Looking back over the last 50 years or so we can clearly see that it has been a fertile period of profound theological ecumenical work, the forging of deep and lasting friendships and openness to the future. What has been achieved has been an extraordinary comfort with one another and that is the area of GRACE, God’s Grace working in individuals and Churches! Gone are the polemics, the uncharitable language, the mistrust from times past. They have been replaced by an authentic desire for prayer together, for theological study, and a desire for friendship. The stated goal of the Council Fathers was nothing less than “full visible communion in faith and in sacramental life, this is the ultimate goal of the ecumenical movement” (UR 8).
But what then are the possibilities for us ever reaching this goal? Are we living in a dream world to think that we can really overcome the essential differences that exist between Christian churches and communities today? Are they not more practical who look for only short–term goals? Where is the ecumenical movement today?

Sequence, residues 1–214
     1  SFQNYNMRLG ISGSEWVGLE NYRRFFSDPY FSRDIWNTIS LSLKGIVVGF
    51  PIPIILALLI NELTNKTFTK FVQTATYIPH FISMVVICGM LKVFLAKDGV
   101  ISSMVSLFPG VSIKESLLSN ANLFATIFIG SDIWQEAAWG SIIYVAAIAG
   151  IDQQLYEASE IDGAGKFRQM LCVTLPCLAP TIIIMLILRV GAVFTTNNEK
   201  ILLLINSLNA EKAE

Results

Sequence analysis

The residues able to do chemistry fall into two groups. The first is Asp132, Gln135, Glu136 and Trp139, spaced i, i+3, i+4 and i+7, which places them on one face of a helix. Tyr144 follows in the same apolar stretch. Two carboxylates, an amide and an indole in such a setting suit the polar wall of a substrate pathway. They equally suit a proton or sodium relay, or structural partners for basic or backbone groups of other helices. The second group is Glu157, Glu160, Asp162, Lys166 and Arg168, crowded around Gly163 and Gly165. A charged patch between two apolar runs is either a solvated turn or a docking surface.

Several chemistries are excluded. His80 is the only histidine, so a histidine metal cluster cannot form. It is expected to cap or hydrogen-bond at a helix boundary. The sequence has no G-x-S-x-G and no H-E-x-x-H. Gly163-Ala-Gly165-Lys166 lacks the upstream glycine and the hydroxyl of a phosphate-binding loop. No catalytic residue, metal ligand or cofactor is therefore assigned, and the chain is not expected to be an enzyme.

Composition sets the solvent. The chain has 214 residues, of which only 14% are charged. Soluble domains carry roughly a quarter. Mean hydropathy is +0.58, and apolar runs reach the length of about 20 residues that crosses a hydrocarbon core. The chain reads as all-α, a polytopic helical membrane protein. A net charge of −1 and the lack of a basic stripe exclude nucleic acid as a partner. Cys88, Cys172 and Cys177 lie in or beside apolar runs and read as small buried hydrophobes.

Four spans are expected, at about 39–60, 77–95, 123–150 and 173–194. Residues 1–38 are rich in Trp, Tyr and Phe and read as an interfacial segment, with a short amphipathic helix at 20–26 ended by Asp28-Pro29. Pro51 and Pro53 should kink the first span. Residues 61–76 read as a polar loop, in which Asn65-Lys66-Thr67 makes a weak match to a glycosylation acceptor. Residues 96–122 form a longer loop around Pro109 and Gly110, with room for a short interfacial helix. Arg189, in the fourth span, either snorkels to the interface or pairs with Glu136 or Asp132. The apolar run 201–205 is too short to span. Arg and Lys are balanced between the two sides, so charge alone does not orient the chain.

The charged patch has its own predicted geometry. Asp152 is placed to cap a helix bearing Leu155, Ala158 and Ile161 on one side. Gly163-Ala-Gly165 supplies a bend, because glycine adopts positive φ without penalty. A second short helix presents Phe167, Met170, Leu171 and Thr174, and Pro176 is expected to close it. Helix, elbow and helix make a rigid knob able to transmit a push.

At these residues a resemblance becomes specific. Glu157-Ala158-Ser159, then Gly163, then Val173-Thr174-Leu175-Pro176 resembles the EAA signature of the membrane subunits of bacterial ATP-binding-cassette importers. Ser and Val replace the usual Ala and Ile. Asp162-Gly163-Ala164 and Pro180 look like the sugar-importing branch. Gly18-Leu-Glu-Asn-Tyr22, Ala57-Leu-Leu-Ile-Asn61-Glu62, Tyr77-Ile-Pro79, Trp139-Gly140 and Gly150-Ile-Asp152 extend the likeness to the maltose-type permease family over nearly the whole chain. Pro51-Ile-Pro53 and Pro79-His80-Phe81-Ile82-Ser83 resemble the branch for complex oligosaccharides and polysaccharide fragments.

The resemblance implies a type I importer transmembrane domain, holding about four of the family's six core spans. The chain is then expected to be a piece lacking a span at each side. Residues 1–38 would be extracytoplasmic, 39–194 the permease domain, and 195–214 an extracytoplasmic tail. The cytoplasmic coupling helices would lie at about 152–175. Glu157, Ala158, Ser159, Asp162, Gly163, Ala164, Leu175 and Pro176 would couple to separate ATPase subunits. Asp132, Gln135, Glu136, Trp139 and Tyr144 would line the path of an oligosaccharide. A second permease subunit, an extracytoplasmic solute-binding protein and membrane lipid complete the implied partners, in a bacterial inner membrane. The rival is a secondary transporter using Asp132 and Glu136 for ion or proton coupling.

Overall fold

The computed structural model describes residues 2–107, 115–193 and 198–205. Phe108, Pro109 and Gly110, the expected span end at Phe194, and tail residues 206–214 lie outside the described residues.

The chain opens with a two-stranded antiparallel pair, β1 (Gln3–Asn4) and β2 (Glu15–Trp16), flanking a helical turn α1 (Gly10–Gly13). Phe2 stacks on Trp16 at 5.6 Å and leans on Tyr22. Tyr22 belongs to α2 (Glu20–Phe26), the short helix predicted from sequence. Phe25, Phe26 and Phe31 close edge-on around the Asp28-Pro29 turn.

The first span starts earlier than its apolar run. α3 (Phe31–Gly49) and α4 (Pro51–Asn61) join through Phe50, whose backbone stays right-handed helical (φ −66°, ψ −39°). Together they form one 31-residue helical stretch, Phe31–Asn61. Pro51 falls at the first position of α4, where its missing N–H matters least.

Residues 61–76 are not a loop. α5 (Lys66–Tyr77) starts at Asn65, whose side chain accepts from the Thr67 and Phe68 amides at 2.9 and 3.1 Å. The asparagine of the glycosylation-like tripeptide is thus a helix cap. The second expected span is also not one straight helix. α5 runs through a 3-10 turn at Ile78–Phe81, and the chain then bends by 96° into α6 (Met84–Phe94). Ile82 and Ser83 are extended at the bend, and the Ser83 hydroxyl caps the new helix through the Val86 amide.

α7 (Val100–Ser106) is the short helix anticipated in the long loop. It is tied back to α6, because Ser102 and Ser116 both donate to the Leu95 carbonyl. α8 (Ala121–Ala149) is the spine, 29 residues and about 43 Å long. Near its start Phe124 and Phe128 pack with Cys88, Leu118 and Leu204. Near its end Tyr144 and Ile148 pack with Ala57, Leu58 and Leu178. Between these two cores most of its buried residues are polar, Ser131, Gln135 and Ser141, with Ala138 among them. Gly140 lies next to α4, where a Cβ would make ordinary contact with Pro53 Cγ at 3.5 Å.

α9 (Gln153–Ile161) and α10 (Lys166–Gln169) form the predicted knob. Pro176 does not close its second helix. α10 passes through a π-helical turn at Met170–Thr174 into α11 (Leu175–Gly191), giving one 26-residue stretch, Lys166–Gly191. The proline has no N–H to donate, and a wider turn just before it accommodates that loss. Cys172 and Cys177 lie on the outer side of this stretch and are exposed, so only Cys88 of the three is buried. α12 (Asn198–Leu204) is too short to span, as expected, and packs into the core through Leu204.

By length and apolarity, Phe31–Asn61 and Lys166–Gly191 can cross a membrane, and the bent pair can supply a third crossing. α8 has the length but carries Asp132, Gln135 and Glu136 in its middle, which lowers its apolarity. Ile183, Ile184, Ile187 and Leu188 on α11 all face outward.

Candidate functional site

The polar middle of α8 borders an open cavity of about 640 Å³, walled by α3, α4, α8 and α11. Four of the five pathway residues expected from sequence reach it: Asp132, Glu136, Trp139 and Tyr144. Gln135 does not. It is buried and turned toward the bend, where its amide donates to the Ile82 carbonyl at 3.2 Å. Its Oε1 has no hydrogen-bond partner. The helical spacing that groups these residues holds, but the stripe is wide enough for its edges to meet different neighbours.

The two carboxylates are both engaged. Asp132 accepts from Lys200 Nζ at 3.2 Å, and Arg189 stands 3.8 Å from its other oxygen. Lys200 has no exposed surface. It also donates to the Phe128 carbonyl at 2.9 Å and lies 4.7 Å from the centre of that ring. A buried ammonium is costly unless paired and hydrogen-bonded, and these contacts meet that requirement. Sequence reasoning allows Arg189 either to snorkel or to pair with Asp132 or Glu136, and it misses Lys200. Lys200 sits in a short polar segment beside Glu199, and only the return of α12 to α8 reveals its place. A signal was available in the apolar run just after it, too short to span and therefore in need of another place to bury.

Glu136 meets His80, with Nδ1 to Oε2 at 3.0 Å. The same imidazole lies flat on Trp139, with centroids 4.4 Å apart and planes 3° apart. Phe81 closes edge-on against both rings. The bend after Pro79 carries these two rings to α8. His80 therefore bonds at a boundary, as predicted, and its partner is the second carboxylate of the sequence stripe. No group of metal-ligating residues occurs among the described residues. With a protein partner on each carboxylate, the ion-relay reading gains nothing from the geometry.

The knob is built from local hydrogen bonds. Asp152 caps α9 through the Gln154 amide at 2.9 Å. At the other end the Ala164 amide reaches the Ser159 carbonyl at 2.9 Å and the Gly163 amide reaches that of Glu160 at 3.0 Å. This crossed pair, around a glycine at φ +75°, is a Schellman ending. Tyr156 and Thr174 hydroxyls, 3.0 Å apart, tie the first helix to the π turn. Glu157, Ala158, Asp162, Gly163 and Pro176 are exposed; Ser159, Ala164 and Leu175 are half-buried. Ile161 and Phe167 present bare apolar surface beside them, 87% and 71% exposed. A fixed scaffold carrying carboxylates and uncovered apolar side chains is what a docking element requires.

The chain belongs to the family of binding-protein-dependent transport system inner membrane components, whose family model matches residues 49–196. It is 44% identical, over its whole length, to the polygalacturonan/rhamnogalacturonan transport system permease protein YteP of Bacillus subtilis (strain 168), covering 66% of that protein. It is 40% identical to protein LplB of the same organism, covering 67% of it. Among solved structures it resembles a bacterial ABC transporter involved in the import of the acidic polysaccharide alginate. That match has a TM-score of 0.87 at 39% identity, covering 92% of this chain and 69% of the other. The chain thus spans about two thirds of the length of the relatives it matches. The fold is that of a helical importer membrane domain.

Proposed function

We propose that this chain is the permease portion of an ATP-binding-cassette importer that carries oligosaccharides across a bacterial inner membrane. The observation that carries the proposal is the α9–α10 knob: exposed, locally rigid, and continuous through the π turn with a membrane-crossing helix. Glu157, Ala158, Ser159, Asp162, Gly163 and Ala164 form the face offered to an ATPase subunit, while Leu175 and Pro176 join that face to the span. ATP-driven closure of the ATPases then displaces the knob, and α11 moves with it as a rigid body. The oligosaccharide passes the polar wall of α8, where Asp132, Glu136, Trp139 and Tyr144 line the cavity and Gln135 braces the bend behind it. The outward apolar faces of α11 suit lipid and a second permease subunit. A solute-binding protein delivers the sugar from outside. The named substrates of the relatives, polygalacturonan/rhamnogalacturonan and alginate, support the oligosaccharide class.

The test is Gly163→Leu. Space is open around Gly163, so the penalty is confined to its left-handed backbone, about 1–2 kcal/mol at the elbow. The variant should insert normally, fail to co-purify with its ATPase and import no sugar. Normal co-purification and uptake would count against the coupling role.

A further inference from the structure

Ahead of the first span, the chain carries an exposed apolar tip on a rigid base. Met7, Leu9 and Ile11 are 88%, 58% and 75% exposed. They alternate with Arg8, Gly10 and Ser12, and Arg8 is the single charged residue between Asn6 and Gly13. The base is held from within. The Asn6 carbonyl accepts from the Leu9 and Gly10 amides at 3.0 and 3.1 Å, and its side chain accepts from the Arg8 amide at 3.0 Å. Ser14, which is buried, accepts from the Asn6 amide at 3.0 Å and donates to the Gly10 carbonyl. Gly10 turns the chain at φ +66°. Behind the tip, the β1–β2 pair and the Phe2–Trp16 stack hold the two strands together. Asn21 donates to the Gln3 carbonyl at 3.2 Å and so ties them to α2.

Currently there exists what Dr Rowan Williams terms an ecumenical environment that is somewhat ‘becalmed’. Yes, there has been some real progress but in recent times there is also an increasing commentary of ‘crisis’, a ‘winter’ of ecumenism. Other voices mutter that that ecumenism is now somewhat passé; that the real focus today is on inter–religious dialogue echoing geopolitical shifts.
To say that the ecumenical movement is becalmed or in crisis is not to confess anything necessarily profound or negative. A crisis need not reflect loss of effectiveness. Families facing deep crises often grow closer together and discover the essence of their familial and spiritual resources.